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Asteroid mining concept
The emergence of companies like Planetary Resources seeking to mine near Earth objects for resources is the latest evolution in our perception of risk that NEOs pose. (credit: Planetary Resources)

The evolution of near Earth objects risk perception

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From sublunary vapors to omens, from Newtonian phenomena to a threat to planet Earth and an unlimited resource mine, there is more than just evolution of scientific knowledge concerning the perception of near Earth objects (NEOs). The risk that a comet or meteor poses not only depends on adequate studies, but it implies that culture and technology evolve as well. NEOs have been understood differently throughout history. Every time we’ve observed a NEO, a different risk was posed, and throughout time that risk perception has evolved. It is not just a matter of scientific knowledge. To understand a phenomenon as a risk requires metaphysical structures that need to evolve to create a risk. Thus, it is important to understand what is to be understood as a risk.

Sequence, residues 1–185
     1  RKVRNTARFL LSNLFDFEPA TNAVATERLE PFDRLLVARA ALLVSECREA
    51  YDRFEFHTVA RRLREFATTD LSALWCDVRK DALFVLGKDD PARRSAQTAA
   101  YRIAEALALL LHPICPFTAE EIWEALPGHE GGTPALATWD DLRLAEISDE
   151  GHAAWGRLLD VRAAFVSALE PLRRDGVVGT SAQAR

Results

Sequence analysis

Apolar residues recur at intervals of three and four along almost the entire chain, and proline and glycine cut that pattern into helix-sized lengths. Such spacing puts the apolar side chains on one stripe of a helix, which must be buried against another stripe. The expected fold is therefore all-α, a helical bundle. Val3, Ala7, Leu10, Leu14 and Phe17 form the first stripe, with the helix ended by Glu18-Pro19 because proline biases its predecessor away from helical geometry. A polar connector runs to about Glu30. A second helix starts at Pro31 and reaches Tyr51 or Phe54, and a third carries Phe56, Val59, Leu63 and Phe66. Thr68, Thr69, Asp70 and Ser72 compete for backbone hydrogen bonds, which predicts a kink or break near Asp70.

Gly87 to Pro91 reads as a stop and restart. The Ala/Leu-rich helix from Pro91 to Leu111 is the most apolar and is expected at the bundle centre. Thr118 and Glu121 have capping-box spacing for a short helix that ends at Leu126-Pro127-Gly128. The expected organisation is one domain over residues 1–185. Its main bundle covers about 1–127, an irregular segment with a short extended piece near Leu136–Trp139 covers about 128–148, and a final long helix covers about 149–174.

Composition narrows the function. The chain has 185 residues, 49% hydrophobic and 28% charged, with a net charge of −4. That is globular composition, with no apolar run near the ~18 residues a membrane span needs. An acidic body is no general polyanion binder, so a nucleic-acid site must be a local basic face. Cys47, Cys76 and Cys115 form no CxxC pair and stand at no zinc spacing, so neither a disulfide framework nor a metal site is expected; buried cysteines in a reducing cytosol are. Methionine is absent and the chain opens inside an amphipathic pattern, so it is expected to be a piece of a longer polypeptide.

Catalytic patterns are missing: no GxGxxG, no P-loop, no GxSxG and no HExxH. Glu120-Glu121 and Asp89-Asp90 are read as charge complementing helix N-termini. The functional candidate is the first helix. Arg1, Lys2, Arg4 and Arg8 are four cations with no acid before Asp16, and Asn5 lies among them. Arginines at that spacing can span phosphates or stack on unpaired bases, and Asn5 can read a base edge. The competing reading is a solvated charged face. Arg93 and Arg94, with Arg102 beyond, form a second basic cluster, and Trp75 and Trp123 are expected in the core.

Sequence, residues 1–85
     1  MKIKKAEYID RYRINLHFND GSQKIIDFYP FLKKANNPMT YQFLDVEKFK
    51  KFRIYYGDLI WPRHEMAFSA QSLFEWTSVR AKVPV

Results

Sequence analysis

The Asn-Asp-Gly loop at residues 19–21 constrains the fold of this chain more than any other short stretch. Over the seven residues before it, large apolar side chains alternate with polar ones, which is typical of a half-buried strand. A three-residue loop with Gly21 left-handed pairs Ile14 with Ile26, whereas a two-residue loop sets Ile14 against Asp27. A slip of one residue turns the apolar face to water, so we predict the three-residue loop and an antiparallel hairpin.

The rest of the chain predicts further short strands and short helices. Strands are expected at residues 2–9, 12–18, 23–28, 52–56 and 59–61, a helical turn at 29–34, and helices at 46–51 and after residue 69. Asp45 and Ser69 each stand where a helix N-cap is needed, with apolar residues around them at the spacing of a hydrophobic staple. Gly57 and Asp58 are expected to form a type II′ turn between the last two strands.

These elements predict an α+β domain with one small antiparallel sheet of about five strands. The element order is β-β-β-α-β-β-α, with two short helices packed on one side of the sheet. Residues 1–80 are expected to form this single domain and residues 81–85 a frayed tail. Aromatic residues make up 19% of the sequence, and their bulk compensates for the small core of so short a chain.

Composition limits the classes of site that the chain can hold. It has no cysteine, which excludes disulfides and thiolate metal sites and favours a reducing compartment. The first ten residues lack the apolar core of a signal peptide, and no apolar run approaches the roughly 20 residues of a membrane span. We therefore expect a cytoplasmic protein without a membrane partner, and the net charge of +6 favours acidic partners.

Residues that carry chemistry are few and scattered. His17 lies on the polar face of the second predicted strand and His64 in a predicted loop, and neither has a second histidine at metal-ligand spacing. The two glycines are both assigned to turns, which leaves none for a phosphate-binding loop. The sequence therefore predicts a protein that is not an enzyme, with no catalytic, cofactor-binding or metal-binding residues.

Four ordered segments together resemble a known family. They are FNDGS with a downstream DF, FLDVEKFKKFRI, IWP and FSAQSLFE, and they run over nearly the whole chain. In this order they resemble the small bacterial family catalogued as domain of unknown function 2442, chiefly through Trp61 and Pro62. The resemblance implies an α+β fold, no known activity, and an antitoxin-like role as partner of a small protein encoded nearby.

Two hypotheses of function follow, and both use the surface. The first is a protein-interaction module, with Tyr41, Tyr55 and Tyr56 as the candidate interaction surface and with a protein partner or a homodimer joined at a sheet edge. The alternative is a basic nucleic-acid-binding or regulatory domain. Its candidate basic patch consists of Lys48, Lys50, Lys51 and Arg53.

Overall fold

Risk, according to sociologist Niklas Luhmann is not an object, but a perception. Phenomena that are assessed as a risk are not objective elements:

Considering that Luhmann treats risk as a form of time-binding, it is apparent that he does not regard it simply as an observable object, a real thing or a fact. Rather, it is a form of perception and understanding or what he calls a ‘contingency schema’. It brings together and couples event and loss, and thus allows people in the first instance to identify something in reality. But because both event and loss are temporal contingencies rather than facts, something that might occur in the future, this form of perception and understanding makes it possible for people to differ in the way they see and interpret matters. (Strydom, 2008: 66).